The Foundation of Saudi-Iranian Relations: Setting the Principles
The presence of the Islamic holy places in Arabia made relations between the two countries of paramount importance throughout Islamic history. However, the first encounter between the modern-day states of Saudi Arabia and Modern Iran occurred during the process of unifying Najd (Central Arabia) with the Hejaz, where the Islamic holy places are located, in the years 1924-1925. Persia condemned the Saudi takeover of the holy places,2 and hesitated to offer its official recognition to the new, unified state, and banned Iranian pilgrims from traveling to the Hejaz.3
From the start, the process of obtaining political recognition and establishing diplomatic relations between the two countries was dominated by four issues, which had a determinant effect on their relations. The quest for understanding on these issues set the principles that would govern their relationship. The issues were the guardianship of the holy places in Mecca and Medina, the rites and rituals of Persian pilgrims, interference in internal affairs, and the sovereignty of Bahrain.4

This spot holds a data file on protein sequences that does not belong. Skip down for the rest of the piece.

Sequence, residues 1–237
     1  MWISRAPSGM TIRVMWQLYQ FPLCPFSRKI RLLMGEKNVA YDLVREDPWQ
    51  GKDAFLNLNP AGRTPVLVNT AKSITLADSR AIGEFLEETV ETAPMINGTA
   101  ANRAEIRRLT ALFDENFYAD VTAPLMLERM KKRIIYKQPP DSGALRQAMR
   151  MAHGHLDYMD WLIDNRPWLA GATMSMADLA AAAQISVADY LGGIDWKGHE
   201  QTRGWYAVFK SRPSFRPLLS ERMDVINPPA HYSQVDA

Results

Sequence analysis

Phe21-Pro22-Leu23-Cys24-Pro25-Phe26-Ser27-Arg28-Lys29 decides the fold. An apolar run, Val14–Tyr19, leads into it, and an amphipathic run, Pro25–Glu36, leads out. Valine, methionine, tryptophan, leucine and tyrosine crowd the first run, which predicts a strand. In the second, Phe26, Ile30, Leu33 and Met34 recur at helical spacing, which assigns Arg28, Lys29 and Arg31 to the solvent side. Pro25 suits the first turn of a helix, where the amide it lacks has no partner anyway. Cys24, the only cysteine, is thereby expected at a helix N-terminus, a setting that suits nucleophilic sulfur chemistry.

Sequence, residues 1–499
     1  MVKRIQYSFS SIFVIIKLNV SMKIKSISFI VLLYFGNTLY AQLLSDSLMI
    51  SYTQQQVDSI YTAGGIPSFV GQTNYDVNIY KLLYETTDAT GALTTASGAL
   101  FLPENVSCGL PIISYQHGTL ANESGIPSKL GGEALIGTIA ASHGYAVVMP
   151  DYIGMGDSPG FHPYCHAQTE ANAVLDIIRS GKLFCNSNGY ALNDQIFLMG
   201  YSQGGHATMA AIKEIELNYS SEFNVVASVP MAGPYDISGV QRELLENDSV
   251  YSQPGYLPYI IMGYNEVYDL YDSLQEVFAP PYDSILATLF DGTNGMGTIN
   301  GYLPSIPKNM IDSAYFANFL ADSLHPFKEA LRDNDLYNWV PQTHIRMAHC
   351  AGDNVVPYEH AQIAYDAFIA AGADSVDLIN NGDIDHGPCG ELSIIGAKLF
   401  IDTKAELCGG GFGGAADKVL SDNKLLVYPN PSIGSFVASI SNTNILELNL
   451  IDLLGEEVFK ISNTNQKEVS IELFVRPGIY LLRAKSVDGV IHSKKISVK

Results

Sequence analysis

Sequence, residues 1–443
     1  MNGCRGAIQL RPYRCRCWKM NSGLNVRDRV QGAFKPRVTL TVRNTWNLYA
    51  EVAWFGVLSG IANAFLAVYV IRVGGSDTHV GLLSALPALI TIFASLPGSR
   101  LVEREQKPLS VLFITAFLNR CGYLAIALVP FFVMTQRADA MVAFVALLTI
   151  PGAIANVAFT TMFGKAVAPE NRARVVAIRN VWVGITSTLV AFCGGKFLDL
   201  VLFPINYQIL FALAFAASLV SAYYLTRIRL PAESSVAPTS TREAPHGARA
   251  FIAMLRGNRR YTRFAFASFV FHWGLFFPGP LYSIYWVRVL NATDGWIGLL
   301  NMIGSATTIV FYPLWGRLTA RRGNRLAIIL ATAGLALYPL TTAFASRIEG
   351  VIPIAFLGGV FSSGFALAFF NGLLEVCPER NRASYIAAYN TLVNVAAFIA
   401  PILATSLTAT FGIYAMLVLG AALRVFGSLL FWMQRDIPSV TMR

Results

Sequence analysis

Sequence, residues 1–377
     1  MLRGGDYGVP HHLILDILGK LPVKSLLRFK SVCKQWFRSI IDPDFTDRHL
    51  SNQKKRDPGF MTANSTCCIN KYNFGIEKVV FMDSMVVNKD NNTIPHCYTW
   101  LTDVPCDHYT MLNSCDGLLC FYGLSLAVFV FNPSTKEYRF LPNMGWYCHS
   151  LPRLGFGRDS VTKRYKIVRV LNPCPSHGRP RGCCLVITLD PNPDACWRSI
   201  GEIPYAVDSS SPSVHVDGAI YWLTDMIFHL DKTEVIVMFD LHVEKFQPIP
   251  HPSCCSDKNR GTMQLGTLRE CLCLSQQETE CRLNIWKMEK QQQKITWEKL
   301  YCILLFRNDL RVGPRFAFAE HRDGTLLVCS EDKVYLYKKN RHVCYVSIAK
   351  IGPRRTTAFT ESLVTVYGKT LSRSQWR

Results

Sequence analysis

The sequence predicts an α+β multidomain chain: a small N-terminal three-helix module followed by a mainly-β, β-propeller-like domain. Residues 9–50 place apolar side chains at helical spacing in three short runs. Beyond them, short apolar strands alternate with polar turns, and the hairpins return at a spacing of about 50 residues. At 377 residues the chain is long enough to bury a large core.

After tense wrangling and negotiations over these issues, positions were clarified and principles for a good relationship were set as follows: guardianship of the holy places would rest with the Saudi state; Hajj would be open to all Muslims, conducted in accordance with the rules of Sharia with no exceptions; there would be no interference in countries’ internal affairs; and Bahrain, for the Saudis, is sovereign, neither a Saudi nor an Iranian principality. A friendship treaty between the two countries was signed in Tehran in 1929.5 However, Saudi-Iranian relations did not experience any major developments during the reign of Reza Shah and remained at a minimal level, focusing mostly on Hajj affairs.